Top 15 Egyptian Desserts
Egyptians love and highly appreciate all kinds of food, sweet or savory. For them, it’s a cultural cornerstone, a love language, and a creative outlet. When it comes to desserts, there’s a relationship of pure adoration.
While Egyptian desserts are very unique in taste and employ ingredients like no other in the world, they’re also certainly very fattening, heavy, and diverse! It’s safe to say that you’ll never really understand them unless you try them, but make sure it’s on an empty stomach because after the first bite, you won’t be able to stop.
Egyptian desserts are popular for using ingredients like nuts, raisins, pistachios, and coconut flakes on everything, whether as a filling or sprinkled on top. Most of them also have heavy cream, milk, flour, and dough-like ingredients in common. All of them are very sweet and very distinctive in taste, ensuring they stand out from all desserts around the world.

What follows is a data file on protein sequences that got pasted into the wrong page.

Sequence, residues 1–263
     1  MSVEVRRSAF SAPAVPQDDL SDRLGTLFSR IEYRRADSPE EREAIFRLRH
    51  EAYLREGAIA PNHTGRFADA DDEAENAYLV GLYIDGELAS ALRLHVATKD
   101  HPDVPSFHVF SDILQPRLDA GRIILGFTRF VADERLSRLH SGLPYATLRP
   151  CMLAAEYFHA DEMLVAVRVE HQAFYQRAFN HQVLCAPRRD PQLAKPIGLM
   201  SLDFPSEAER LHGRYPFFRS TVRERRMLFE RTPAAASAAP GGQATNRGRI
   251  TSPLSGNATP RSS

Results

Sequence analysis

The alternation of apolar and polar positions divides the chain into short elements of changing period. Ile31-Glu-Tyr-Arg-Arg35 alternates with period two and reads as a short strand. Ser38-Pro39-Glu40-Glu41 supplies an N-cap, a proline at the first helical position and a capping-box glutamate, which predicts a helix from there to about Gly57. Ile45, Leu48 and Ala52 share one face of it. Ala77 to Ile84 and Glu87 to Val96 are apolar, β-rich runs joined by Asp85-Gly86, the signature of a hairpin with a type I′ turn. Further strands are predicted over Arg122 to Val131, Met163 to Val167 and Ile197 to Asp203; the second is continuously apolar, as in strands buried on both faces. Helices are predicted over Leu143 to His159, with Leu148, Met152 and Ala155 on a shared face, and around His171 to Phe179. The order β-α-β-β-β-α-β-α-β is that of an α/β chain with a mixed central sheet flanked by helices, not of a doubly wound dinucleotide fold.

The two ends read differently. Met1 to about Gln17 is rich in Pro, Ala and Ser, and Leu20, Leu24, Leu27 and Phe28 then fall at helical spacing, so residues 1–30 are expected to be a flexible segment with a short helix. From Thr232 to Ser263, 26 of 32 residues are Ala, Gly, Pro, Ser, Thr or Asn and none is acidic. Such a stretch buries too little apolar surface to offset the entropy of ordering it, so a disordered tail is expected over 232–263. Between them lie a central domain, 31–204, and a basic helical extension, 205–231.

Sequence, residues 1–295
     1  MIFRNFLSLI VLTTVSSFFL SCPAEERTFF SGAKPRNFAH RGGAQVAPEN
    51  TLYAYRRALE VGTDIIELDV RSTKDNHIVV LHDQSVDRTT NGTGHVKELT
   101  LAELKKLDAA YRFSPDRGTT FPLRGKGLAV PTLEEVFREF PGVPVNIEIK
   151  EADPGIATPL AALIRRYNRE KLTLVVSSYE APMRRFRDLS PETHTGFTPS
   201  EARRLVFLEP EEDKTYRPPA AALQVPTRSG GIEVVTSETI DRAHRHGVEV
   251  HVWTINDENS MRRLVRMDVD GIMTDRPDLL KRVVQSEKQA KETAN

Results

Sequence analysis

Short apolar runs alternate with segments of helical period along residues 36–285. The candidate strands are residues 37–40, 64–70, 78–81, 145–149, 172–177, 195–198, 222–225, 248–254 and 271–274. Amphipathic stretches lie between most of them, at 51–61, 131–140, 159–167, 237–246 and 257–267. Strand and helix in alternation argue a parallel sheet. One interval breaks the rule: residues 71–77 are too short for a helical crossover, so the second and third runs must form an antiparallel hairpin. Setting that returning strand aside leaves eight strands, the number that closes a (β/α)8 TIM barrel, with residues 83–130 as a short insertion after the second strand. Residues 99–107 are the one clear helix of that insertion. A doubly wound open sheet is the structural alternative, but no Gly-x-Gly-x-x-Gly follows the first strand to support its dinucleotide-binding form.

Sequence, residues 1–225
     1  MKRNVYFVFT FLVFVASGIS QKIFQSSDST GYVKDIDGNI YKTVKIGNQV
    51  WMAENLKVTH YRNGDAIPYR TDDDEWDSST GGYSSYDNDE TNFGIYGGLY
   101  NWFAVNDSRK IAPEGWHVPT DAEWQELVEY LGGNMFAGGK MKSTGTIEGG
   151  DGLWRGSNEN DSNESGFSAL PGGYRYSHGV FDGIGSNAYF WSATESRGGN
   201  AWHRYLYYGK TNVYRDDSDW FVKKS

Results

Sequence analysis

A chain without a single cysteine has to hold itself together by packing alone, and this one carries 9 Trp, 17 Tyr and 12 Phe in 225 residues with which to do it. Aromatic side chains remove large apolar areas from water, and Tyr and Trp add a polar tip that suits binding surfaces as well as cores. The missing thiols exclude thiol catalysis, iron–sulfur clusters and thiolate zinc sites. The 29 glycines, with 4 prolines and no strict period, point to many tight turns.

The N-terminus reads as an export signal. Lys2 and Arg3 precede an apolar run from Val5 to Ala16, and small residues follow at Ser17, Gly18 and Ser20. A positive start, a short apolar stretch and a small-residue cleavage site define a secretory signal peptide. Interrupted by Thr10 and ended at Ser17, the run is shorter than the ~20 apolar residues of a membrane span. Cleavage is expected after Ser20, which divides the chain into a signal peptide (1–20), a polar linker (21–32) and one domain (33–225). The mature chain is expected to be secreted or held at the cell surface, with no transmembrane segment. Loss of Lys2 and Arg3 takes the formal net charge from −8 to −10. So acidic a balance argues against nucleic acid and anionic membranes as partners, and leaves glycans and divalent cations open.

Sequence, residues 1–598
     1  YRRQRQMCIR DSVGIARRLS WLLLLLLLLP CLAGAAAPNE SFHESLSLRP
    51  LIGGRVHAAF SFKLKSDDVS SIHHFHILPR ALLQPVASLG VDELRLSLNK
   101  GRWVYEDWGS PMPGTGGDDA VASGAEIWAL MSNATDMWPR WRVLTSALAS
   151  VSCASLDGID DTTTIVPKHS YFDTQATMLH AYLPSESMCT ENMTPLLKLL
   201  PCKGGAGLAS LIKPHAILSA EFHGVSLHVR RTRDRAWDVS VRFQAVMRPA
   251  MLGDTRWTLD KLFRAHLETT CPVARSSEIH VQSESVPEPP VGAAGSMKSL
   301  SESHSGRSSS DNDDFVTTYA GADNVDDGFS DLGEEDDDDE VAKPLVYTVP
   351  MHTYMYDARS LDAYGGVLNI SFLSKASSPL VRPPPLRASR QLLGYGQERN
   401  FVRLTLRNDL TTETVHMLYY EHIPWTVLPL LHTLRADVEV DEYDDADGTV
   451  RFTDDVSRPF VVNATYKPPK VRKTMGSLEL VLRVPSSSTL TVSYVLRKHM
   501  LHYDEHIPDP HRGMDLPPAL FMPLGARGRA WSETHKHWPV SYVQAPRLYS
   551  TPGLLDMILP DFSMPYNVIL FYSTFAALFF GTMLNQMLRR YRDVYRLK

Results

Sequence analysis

Egyptian desserts are popular all year round, but they’re especially popular in the holy month of Ramadan for cultural reasons, perhaps in order to simply satisfy Egyptians’ cravings after a long day of fasting, so don’t be surprised if you find guests bringing all types of desserts as gifts or as a show of appreciation at gatherings.
Meshabek, or the funnel cake, is a round, tube-like dessert mostly famous and perfected in Damietta governorate but also served everywhere else. It’s a super-sweet and popular Egyptian delicacy that consists of flour, cornstarch, oil, and a lot of sugar, which is all then crafted into a unique circular shape and fried.
Chewy in texture, meshabek can be dipped in honey, or any other sweet treat, after cooking.
Basbousa is a top-rated, very popular Egyptian delicacy. While it’s served and loved all year round, it shines in the holy month of Ramadan. Basbousa takes the shape of a cake, although with a different texture.
Its main ingredients are semolina batter, honey, and sugar syrup. Something is usually sprinkled on top, for example coconut, nuts, or just plain sugar and honey.